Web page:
Peabody Energy could turn to Chapter 11

Peabody Energy (NYSE:BTU), the world’s largest private sector coal company by volume, noted in its latest financial filing that debt and liquidity worries pose some risk to its future as “a going concern.”

Peabody acknowledged that if out-of-court debt restructuring doesn’t work, it might be need to voluntarily seek protection under Chapter 11 of the U.S. Bankruptcy Code.

A key paragraph in the 10K report filed March 16 with the Securities and Exchange Commission (SEC) summarizes risk associated with Peabody’s commercial operations.

“As a result of operating losses and negative cash flows from operations and our election to exercise a 30-day grace period with respect to certain interest payments, together with other factors, including the possibility that a covenant default or other event of default could cause certain of our indebtedness to become immediately due and payable (after the expiration of any applicable grace period), we may not have sufficient liquidity to sustain operations and to continue as a going concern,” Peabody said.

“Our current operating plan indicates that we will continue to incur losses from operations and generate negative cash flows from operating activities,” Peabody said. “These projections and certain liquidity risks raise substantial doubt about whether we will meet our obligations as they become due within one year after the date of issuance of this report. We have also elected to exercise the 30-day grace period with respect to a $21.1 million semi-annual interest payment due March 15, 2016 on the 6.50% Senior Notes due September 2020 and a $50.0 million semi-annual interest payment due March 15, 2016 on the 10.00% Senior Secured Second Lien Notes due March 2022, as provided for in the indentures governing these notes.”

Failure to pay these interest amounts on March 15, 2016 is not  immediately an event of default under the indentures governing these notes, but would become an event of default if the payment is not made within 30 days of such date.

As a result of this situation combined with other uncertainties facing domestic and global coal markets, “there exists substantial doubt whether we will be able to continue as a going concern. In addition, in February 2016, we borrowed approximately $945 million under the 2013 Revolver, the maximum amount available, for general corporate purposes.”

Peabody could divest certain coal mines, other assets

“We are currently exploring alternatives for other sources of capital for ongoing liquidity needs and transactions to enhance our ability to comply with the financial covenants under our 2013 Credit Facility,” Peabody said.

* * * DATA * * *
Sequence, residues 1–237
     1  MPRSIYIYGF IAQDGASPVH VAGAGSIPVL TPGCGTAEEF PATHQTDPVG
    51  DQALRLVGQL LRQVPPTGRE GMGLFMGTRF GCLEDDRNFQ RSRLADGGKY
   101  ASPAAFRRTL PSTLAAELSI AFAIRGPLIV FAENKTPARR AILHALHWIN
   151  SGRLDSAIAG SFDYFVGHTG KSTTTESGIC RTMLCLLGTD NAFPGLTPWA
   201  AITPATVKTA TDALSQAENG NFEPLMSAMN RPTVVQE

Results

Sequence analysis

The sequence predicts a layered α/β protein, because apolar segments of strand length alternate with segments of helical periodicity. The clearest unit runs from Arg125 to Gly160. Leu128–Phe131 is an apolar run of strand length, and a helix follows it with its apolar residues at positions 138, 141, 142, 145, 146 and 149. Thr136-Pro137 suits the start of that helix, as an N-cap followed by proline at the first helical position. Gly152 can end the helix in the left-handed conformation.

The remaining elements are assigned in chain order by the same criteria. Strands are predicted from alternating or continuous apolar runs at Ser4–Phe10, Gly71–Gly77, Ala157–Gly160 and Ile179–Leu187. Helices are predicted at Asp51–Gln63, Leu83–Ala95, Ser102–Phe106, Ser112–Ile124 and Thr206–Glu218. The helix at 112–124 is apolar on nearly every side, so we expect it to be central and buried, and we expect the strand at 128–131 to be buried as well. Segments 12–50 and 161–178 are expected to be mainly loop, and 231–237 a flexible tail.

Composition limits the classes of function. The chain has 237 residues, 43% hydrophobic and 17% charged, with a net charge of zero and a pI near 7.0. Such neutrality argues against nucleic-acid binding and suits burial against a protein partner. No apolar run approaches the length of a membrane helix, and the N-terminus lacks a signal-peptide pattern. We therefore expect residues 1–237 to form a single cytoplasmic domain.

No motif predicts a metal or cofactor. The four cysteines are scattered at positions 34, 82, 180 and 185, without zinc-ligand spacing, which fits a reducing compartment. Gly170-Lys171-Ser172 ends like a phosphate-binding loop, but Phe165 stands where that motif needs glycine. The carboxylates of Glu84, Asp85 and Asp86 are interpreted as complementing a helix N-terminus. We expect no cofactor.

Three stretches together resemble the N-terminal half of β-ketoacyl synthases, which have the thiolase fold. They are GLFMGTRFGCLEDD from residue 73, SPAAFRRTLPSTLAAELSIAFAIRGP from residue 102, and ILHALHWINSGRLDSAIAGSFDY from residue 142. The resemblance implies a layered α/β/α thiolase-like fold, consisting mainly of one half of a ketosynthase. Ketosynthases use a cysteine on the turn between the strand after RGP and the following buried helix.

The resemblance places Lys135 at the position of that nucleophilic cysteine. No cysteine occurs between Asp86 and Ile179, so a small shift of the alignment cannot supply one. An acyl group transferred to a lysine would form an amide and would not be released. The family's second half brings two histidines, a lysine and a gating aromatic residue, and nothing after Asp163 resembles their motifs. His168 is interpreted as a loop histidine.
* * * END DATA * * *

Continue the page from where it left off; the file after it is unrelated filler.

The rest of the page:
“We are working to improve our operating performance and our cash, liquidity and financial position,” Peabody said.

“This includes: pursuing the sale of non-strategic surplus land and coal reserves as well as existing mines, particularly the sale of our El Segundo and Lee Ranch coal mines and related assets located in New Mexico and our Twentymile- Mine in Colorado; continuing to drive cost improvements across the company, attempting to negotiate alternative payment terms with creditors; maintaining our current level of self bonding and/or replacing self-bonding with other financial instruments on reasonable terms; evaluating potential debt buybacks, debt exchanges and new financing to improve our liquidity and reduce our financial obligations; and obtaining waivers of going concern and financial covenant violations under the 2013 Credit Facility,” Peabody said.

The company has brought in financial and other advisors to help seek solutions.

“However, there can be no assurance that our plan to improve our operating performance and financial position will be successful or that we will be able to obtain additional financing on commercially reasonable terms or at all,” Peabody said.

“As a result, our liquidity and ability to timely pay our obligations when due could be adversely affected. Furthermore, our creditors may resist renegotiation or lengthening of payment and other terms through legal action or otherwise. If we are not able to timely, successfully or efficiently implement the strategies that we are pursuing to improve our operating performance and financial position, obtain alternative sources of capital or otherwise meet our liquidity needs, we may need to voluntarily seek protection under Chapter 11 of the U.S. Bankruptcy Code,” Peabody said.

 

 

About Wayne Barber 4201 Articles
Wayne Barber, Chief Analyst for the GenerationHub, has been covering power generation, energy and natural resources issues at national publications for more than 20 years. Prior to joining PennWell he was editor of Generation Markets Week at SNL Financial for nine years. He has also worked as a business journalist at both McGraw-Hill and Financial Times Energy. Wayne also worked as a newspaper reporter for several years. During his career has visited nuclear reactors and coal mines as well as coal and natural gas power plants. Wayne can be reached at wayneb@pennwell.com.